ESPN STAR Sports and mobile media company Affle today announced “Pinch A Dollar for Special Olympics”, a unique corporate social responsibility (CSR) campaign that sees the use of Affle‘s mobile messaging app Pinch to raise funds for Special Olympics Singapore.
Funds are raised in two ways: all proceeds from the download of the mobile app – at $0.99 each – will go towards the campaign, as well as a sub-application within Pinch that allows consumers to donate directly to the campaign. ESPN Star Sports will be extending on-air exposure on its networks for airing commercials promoting the initiative over a two-month period.
“Pinch A Dollar brings the power to make positive contributions to the hands of the users, literally,” says Anuj Khanna Sohum, founder and chairman of Affle. “Smart phone users in Singapore can now download Affle, donate a dollar or more and spread the good word about the Special Olympics movement with the help of in-built social plugins.”
“We hope to inspire consumers to come forth and participate in the Pinch A Dollar movement,” he adds.
The Problem with Philanthropy
The more skeptical amongst us, of course, may decry that this CSR initiative by Affle is merely one that is but a user acquisition drive masked by philanthropy. Affle‘s executive director for Southeast Asia Ben Fones conceded that may be the impression some people may go away with when they hear about the initiative. He also said that the support for Special Olympics Singapore first started off as an opportunity while the team was in talks with broadcaster ESPN STAR Sports, whose association with the largest sports organization supporting children and adults with intellectual disabilities go way back to 2006.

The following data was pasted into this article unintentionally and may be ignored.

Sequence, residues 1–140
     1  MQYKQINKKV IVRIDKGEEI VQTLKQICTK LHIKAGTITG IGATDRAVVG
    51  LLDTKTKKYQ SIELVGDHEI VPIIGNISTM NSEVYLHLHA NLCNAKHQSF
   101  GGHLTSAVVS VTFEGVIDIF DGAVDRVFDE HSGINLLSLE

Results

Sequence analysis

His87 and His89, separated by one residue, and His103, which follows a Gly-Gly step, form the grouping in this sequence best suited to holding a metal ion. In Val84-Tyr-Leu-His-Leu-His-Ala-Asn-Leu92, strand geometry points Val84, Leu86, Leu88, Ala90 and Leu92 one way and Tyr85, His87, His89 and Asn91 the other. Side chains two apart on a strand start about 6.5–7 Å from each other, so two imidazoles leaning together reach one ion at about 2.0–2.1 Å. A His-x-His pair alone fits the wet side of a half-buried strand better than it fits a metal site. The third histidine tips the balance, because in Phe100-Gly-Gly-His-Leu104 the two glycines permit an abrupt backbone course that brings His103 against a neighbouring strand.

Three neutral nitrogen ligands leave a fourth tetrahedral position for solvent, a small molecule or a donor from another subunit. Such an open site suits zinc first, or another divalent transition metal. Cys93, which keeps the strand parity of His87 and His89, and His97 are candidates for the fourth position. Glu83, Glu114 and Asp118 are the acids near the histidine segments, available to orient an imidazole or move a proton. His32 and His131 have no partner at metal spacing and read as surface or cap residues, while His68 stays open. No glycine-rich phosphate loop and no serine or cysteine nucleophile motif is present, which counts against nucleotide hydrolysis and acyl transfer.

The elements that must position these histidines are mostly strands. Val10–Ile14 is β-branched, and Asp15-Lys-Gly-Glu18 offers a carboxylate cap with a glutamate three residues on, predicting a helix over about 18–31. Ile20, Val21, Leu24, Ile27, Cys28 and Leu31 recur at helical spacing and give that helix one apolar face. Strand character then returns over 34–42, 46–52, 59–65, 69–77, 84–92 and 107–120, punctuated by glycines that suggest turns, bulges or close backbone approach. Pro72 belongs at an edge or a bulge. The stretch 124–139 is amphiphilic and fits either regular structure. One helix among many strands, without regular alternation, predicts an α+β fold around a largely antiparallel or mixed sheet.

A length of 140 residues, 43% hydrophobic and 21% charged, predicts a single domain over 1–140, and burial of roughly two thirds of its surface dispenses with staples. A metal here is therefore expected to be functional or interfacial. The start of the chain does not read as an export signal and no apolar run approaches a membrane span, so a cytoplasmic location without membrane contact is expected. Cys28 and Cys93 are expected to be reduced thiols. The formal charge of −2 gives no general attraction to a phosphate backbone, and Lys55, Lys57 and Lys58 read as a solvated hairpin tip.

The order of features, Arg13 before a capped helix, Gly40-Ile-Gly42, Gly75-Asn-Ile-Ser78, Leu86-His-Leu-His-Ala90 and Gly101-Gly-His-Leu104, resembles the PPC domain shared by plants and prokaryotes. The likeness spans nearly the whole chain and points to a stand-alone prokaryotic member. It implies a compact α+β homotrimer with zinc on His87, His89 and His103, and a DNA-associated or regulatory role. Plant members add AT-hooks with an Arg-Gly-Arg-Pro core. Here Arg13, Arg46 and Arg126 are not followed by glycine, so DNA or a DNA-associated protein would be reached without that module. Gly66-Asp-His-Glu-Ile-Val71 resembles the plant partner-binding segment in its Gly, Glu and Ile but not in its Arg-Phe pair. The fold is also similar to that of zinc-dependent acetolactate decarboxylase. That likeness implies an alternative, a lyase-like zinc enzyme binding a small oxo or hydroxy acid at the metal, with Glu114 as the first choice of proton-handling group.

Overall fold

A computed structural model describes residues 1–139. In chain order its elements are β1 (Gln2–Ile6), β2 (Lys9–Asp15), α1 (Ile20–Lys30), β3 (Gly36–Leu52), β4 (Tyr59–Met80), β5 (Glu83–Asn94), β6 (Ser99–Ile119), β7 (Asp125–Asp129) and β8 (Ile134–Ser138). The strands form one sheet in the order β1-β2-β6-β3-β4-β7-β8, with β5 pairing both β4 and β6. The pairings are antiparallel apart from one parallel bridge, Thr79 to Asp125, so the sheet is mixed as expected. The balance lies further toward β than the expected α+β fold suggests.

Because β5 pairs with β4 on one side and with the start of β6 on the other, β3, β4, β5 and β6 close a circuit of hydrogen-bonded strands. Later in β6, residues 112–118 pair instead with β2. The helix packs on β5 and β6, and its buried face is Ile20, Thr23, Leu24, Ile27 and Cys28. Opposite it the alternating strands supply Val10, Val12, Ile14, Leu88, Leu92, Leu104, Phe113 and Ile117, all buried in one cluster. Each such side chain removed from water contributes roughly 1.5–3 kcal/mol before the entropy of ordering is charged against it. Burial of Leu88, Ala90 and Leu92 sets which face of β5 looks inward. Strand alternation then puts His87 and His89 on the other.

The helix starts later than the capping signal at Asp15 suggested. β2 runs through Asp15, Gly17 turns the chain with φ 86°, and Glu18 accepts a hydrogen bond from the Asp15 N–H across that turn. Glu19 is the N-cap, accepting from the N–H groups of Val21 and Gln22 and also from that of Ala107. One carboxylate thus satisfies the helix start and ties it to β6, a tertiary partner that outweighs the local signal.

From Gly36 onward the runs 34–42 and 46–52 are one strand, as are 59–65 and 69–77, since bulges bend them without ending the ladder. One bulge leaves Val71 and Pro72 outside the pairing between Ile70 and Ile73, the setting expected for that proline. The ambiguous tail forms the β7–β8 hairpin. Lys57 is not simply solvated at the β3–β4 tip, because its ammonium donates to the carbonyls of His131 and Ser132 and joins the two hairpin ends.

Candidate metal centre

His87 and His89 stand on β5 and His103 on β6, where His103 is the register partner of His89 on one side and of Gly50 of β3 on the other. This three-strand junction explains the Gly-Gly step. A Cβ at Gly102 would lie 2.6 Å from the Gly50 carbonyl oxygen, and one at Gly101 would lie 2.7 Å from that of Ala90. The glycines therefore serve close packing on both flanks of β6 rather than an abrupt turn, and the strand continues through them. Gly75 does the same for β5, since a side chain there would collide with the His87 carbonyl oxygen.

“But the more the Affle team interacted and spoke with the Special Olympians, we decided this was the right thing to do,” explains Fones. Affle chairman Sohum even said – at his speech during the press conference – that his 5-year old company of 70 people was on board as a volunteer and not a sponsor, underscoring the role he hopes his company will play.
The truth of the matter is that the athletes of the Special Olympics – yes, they are athletes every bit worthy of the term – need as much help, support and financial backing as they can get. They have hopes and dreams just like any able person, and if any organization or individual wants to step out and help them, we should applaud them in every way.
Shoutout to a few of our Special Olympians
Present in the photo are four exceptional young Special Olympians that deserve mention:
– Hanako Sawayama, keynote speaker for many prestigious events, and mentor to young athletes,
– Benson Tan, 20, with a total of 6 Special Olympics Gold medals for Swimming, 1 Silver and 1 Bronze, as well as 1 Silver Medal for Basketball,
– Muhammad Azmi, 16, 2 Golds for Football, and
– Suhairi, 14, 1 Gold in Athletics.
That’s more achievement than most of us can say.